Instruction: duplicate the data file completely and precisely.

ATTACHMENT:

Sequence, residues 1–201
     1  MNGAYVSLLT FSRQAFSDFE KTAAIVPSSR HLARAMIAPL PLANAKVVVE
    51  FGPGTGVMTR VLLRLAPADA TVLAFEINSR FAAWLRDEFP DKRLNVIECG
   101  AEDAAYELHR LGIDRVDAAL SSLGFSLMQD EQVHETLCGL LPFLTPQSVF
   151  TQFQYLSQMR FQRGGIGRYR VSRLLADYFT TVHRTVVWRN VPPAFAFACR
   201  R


Sequence, residues 1–201
     1  MNGAYVSLLT FSRQAFSDFE KTAAIVPSSR HLARAMIAPL PLANAKVVVE
    51  FGPGTGVMTR VLLRLAPADA TVLAFEINSR FAAWLRDEFP DKRLNVIECG
   101  AEDAAYELHR LGIDRVDAAL SSLGFSLMQD EQVHETLCGL LPFLTPQSVF
   151  TQFQYLSQMR FQRGGIGRYR VSRLLADYFT TVHRTVVWRN VPPAFAFACR
   201  R